Music part. 2

Tuesday, October 14, 2008
Last week I left you with a bevy of memorable game music to ruminate on. This post might be better appreciated with some of those pieces playing in the background. Go ahead, pull up something from Shadow of the Colossus, Final Fantasy, Metal Gear Solid, whatever. It'll help if you've played the game whose music you're listening to but it's not necessary.

Listen closely to that piece. What images does it conjure up? What memories does it stir? How, for lack of a better phrase, does it make you feel? Right now I'm listening to the God of War theme. When it plays, I can remember carving a swath through Gorgons, Cyclops' and harpies. I see Kratos battling Zeus. I feel powerful and dangerous.

Good game music deepens our connection to the characters, the game world and the mechanics of the game. Through the raw evocative power of music we can allow ourselves into the environment created by the game, to linger in the moments most crucial to the character we play.

Music plays a different role in every game we play. A great deal of that role is surprisingly defined by the emphasis in the game. In games like Mass Effect with enormous amounts of dialogue and story to occupy the forefront, music takes a more ambient role, bringing a cohesive atmosphere to the environments and situations.

Compare that to games like Metal Gear Solid where the music takes a far more active role in motivating the player to action. Think of your favorite action game. It has a theme, I'm sure. Can you remember it? Are you humming it right now or searching through your library to find it? I thought so. That's what a good action games soundtrack should sound like. It should leave a lasting, almost iconic stamp in your mind, remind you of your time playing, make you feel like the hero again.

There is a soundtrack to almost every game we play. Whether they blast us with huge, bombastic scores, or unnerve us with haunting background music, the real test of a good game score is in its tone. A score can be as professional and well recorded as possible, but if it doesn't fit with the scene, it might as well be static. The best example of this the radio in Grand Theft Auto. Sure, there are some hilarious moments when people seem to bounce off your hood in time to the music, but more often than not, the music on the radio doesn't fit the tone of the game, or at least with the current scene. You find yourself endlessly switching stations until you find one that you can sort of get behind for those two songs. Honestly, I turn the thing off most times.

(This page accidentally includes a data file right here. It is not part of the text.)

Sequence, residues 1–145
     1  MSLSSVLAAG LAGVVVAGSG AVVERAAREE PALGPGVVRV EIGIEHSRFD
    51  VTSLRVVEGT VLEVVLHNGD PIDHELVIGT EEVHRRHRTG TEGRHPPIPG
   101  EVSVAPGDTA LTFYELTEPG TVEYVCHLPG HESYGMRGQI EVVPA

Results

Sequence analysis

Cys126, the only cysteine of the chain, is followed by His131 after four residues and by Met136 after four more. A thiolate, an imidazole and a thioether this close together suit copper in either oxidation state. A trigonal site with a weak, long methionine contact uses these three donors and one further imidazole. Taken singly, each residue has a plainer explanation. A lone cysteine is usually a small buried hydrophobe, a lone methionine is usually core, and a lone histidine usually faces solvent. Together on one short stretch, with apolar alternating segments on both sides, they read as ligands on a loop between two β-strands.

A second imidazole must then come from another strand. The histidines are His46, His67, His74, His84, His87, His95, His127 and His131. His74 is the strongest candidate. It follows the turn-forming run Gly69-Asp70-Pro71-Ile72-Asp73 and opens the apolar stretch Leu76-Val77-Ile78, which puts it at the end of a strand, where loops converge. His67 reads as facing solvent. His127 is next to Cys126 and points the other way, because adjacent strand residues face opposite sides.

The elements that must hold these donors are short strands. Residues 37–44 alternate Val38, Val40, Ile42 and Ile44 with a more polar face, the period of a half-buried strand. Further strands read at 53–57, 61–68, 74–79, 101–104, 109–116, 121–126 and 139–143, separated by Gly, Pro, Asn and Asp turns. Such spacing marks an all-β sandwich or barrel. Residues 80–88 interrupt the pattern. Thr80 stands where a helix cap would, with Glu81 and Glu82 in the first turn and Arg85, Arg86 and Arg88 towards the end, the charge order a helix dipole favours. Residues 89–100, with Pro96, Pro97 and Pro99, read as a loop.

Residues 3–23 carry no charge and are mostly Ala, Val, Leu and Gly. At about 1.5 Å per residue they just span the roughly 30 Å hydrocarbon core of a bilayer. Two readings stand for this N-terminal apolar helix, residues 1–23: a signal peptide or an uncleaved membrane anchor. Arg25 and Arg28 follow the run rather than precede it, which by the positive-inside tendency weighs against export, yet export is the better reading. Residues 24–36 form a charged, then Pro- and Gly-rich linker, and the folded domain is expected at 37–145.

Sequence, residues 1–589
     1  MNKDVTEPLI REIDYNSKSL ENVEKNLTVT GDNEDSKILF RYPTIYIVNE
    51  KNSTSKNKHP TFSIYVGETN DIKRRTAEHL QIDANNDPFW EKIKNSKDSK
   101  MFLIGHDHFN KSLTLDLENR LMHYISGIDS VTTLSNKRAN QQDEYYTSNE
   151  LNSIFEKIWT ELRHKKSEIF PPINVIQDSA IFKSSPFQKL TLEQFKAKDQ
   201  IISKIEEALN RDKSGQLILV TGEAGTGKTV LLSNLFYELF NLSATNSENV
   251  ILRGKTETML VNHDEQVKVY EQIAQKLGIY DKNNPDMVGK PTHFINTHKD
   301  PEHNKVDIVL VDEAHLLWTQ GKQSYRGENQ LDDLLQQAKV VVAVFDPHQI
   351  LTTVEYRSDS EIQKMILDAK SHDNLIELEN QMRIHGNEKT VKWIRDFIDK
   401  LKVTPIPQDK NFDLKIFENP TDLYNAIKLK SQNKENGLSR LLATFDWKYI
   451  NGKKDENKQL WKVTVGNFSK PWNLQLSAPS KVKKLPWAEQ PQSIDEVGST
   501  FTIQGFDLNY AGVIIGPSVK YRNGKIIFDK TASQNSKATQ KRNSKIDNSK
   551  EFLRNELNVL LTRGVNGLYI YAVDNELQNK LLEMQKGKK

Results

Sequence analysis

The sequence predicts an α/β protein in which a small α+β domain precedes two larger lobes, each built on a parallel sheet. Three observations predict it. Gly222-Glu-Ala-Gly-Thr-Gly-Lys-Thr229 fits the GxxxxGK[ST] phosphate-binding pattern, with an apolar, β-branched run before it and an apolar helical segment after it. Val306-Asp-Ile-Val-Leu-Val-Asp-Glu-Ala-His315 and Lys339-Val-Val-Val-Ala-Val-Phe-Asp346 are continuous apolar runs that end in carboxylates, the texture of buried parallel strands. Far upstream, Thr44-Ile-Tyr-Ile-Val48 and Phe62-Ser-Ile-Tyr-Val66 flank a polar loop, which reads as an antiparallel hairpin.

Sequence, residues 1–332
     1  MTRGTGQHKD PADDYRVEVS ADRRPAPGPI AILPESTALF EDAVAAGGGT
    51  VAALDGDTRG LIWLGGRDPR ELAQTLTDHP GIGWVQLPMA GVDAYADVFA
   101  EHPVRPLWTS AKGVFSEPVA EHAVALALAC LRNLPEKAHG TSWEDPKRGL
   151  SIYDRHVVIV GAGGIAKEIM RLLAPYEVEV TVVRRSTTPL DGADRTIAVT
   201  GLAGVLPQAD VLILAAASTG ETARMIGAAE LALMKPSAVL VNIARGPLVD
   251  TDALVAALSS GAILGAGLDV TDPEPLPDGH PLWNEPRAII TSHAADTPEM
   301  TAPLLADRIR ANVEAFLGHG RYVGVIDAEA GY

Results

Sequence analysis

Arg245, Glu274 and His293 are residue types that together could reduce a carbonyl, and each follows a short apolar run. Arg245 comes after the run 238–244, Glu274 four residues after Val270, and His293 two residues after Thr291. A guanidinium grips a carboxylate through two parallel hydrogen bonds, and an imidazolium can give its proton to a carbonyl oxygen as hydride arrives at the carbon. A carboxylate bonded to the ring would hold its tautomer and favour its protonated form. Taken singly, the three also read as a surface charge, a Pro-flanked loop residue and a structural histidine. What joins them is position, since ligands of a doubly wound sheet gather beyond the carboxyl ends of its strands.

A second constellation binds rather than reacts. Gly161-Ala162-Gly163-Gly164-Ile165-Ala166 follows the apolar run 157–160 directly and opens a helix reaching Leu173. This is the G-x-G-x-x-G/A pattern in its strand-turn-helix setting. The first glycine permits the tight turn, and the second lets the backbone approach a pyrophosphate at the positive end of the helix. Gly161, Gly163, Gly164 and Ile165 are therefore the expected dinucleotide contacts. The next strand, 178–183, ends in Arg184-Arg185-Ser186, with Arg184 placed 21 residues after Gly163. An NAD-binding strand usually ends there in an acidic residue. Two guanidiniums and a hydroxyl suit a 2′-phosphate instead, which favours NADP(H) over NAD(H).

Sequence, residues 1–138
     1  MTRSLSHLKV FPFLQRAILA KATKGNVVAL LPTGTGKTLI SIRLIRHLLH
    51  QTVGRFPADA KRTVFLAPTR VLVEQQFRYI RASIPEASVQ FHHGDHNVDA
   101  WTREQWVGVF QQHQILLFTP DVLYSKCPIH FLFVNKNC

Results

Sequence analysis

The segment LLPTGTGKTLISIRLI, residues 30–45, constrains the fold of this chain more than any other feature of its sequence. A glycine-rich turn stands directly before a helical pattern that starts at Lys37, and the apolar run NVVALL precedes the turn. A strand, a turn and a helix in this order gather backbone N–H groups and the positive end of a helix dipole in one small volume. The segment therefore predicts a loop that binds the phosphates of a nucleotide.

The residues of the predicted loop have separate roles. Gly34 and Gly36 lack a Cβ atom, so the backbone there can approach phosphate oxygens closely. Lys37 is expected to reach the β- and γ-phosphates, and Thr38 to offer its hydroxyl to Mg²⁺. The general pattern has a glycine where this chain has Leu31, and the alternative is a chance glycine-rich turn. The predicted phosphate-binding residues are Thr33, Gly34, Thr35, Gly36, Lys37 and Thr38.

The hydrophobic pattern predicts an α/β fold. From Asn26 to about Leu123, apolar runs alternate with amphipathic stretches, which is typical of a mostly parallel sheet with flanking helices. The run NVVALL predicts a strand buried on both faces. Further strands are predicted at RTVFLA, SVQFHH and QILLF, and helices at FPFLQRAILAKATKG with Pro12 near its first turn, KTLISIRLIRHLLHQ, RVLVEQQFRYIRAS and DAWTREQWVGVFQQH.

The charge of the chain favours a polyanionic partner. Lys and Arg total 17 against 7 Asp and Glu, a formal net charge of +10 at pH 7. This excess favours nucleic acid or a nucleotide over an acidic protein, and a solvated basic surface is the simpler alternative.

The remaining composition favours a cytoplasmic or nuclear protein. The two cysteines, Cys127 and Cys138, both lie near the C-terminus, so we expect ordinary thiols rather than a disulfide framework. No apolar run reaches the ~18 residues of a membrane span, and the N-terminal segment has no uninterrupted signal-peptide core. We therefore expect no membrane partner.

I've also had a lot of difficulty with the score for most online games. Yes, they are appropriately epic, but when I'm slaughtering bunnies for furs or XP I don't need to sound like Richard the Lionheart marching off to war. It's silly and it takes me out of the game. Again, I usually substitute my own music for whatever is actually playing through the game. Maybe that's one of the reasons I can't really get behind most MMO's.

I'm sure you've already figured out most of this on your own. You know your game music well enough to know what you like. I do have one challenge for you. Look at your game library for a bit. Find a game whose soundtrack you don't really remember. Play it with the music turned up and the rest of the sound off if possible. Get acquainted with the game's score, someone worked very hard on that. If it works like it should, you ought to be able to understand the game world just as well as with the sound on. I recommend Assassin's Creed.